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The Michigan Department of Environmental Quality has conditionally approved bottled water giant Nestlé's permit to pump 400 gallons per minute from its well in Osceola Township. Meanwhile, township officials continue their fight against a pumping station Nestlé needs in order to boost pumping rates.
It's a tale with more twists and turns than an Osceola County stream. And it has been closely watched, given the state environmental department's role in the Flint water crisis, in which thousands of children were exposed to high levels of lead. More than a year after emergency managers switched the city to corrosive Flint River water, department spokespeople were saying, "Anyone who is concerned about lead in the drinking water in Flint can relax." When the enormity of the problem was finally revealed, the department's director resigned in disgrace.
Let's just say that faith in the department's capability as a watchdog was running thin about then. Six months later, Gov. Rick Snyder appointed a new director for the department: Heidi Grether, a lobbyist and executive who worked for BP America during the Deepwater Horizon spill in the Gulf of Mexico. If that sounds weird to you, consider that one of the department's guiding principles is to be "partners in economic development
" with the very people they regulate. In short, if the department is a watchdog, it's one on a very, very short leash — if not on serious quaaludes.
Nestlé wants to raise pumping rates at this well to 400 gallons per minute.
In November 2016, environmentalists at Michigan Citizens for Water Conservation cried foul when MDEQ announced it was seeking comments on Nestlé's proposal to boost pumping
at its White Pines PW-101 well (pictured above) to 400 gallons per minute. The reason? The department announced it was seeking comment by tucking the notice into the "DEQ Environmental Calendar," a bi-weekly publication not widely read by the general public.
Environmentalists lobbied for another comment period. When the comments were counted, only 75 of them viewed the pumping increase favorably, compared with 80,945 against
. And that's just people who commented directly to MDEQ: In late February, Michigan environmentalists presented the department with a 345,000-signature petition against Nestlé at the Michigan Capitol.
It hasn't helped that Nestlé pays next to nothing to the state of Michigan for the privilege of pumping out all that water, which is the common property of the people of Michigan. And this happens against the backdrop of the people of Flint still having to rely on buying Nestlé's Ice Mountain or Pure Life brands of water — and people in Detroit having their water shut off for being in arrears less that what it costs Nestlé to apply for a permit.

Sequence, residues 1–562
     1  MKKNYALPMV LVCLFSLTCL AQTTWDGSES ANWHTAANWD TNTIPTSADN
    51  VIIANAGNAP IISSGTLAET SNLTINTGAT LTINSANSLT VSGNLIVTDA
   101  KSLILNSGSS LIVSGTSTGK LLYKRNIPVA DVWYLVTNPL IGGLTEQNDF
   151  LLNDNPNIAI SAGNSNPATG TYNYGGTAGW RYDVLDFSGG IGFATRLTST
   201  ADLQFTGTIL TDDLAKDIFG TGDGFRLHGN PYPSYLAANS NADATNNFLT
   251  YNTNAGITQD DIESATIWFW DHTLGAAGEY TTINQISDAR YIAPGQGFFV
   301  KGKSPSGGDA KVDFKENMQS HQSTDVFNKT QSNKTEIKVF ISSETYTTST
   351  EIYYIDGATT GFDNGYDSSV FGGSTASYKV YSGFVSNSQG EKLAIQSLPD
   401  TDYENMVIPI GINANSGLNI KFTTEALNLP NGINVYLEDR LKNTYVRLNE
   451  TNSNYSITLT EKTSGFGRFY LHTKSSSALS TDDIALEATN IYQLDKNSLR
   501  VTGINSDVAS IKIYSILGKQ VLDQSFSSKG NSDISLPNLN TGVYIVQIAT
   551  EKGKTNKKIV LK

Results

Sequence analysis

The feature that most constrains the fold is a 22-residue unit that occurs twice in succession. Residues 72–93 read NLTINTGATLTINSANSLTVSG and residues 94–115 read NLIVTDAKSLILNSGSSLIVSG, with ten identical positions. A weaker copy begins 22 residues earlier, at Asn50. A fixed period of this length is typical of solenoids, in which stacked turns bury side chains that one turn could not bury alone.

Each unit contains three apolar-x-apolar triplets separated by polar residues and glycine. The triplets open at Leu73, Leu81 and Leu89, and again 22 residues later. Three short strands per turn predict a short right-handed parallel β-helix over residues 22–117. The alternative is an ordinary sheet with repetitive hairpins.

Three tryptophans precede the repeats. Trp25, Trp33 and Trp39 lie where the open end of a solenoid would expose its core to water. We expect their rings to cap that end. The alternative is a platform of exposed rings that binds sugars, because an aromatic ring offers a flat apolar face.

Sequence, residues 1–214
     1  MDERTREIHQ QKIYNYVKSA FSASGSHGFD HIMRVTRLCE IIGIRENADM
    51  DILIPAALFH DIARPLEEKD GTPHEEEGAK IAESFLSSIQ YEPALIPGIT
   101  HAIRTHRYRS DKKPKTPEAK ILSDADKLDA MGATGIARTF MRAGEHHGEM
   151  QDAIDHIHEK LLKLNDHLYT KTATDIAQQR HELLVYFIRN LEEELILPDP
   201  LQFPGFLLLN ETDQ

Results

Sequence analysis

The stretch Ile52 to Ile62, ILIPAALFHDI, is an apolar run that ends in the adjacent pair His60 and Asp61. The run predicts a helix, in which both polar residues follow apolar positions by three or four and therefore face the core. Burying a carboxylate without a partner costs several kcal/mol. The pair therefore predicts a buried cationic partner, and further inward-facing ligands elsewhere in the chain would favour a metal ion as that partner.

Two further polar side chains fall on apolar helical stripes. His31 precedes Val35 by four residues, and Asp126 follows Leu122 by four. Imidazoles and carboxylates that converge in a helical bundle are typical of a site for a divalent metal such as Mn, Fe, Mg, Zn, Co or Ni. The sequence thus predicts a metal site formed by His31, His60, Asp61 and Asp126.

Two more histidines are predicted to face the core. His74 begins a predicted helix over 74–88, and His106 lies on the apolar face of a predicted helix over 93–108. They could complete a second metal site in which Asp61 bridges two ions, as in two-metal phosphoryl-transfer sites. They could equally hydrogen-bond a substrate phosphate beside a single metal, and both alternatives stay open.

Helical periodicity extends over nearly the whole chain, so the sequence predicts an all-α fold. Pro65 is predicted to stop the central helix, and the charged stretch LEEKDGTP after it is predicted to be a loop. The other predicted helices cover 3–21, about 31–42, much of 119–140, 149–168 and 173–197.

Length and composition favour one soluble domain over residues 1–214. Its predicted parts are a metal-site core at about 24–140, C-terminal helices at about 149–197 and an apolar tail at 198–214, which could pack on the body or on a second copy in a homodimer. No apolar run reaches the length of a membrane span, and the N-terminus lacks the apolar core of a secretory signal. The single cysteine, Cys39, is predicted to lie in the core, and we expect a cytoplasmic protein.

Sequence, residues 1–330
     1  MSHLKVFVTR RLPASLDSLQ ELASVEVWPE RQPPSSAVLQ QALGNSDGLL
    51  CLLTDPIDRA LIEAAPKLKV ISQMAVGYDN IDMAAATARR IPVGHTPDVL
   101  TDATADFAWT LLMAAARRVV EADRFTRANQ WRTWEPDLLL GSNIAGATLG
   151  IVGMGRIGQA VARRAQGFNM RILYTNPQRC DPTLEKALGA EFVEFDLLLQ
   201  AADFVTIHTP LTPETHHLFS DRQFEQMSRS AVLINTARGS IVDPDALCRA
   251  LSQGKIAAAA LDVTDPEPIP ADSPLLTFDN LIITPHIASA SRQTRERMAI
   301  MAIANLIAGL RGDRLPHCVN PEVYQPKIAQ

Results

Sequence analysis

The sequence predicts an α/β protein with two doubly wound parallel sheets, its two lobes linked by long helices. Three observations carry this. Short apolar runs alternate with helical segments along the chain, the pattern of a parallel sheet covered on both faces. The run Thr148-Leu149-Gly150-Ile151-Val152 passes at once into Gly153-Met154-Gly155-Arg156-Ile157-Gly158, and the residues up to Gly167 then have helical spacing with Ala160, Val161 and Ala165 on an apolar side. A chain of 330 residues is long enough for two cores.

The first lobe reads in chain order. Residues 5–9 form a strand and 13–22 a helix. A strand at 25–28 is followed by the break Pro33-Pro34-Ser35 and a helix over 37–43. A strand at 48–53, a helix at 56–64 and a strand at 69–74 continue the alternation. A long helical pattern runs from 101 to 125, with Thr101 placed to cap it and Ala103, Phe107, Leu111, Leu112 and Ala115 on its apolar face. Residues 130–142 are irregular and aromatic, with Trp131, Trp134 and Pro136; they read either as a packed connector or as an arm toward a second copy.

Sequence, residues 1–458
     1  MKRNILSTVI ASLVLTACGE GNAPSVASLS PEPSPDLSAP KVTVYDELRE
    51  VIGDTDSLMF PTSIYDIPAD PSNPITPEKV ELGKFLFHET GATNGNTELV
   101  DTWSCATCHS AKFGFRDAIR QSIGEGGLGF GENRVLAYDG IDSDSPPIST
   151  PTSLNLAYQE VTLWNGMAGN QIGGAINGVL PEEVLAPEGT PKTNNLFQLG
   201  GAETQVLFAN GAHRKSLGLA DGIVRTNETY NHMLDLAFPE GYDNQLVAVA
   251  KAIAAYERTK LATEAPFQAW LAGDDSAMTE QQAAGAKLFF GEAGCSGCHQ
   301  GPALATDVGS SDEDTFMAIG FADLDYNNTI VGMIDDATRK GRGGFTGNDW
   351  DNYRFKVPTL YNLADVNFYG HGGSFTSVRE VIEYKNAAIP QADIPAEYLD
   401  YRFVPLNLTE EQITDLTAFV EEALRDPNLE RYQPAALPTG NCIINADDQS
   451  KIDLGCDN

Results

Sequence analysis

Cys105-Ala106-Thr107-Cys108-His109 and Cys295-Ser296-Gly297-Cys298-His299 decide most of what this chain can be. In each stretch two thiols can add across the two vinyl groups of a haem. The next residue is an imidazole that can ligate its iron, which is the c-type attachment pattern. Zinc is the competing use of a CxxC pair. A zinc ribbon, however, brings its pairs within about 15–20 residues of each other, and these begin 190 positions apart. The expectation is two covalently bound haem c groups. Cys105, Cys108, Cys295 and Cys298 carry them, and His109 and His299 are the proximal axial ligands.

In April, some of the state's Democratic legislators got into the act, introducing a resolution opposing the granting of Nestlé's requested permit
. In that same month, a news report
showed that Nestlé's own pump tests drew down water levels in a wider area than previously disclosed.
So when Michigan's Department of Environmental Quality announced yesterday that it was approving Nestle's permit — on condition that Nestlé first submit a monitoring plan to the department for approval — it drew swift condemnation from the quarters you'd expect.
Lisa Wozniak, executive director of the Michigan League of Conservation Voters
, called the decision "deeply disappointing" and accused the department of "hanging a ‘For Sale’ sign on Michigan’s abundant water resources."
Peggy Case, the president of Michigan Citizens for Water Conservation, said her group was "very disappointed" in the MDEQ. "Not only have they ignored the scientific evidence that environmental damage has occurred already at 150 gpm, they have ignored the clear opposition of tens of thousands of Michigan citizens who have opposed this giveaway of the water of the commons to a multinational corporation."
Gubernatorial candidate Abdul El-Sayed also blasted the decision. "Flint families still don’t have clean water," he said in a statement. "With this decision, Governor Snyder, whose administration is responsible for Flint’s water crisis, slaps them in the face by allowing Nestlé to bottle 400 gallons per minute of Michigan’s water to sell for profit out of state. This is the same failed leadership Michiganders have struggled under for years because of how corporations like Nestlé can buy and sell politicians."
The international bottled water and food giant does face another obstacle at the local level: In order to pump 400 gallons per minute of water to its station in Evart where trucks are loaded for the bottling plant in Stanwood, it needs to construct a booster pump in Osceola Township. Thanks to a vocal outpouring of opposition to Nestlé at township meetings, a legal fight over permission to build the expanded pumping station has stalled the pumping hike as well.
In fact, an international charity stepped in last week
to donate to the Osceola Township Legal Defense Fund, set up to help the township fight Nestlé. The charity, SumOfUs, gave $20,000 to aid the local fight. Previously, it had donated $30,000.
In a statement, the company said, "We appreciate the MDEQ’s careful review and consideration of our application, in what it has called its most thorough review ever, and we look forward to providing them with the monitoring plans as required.”
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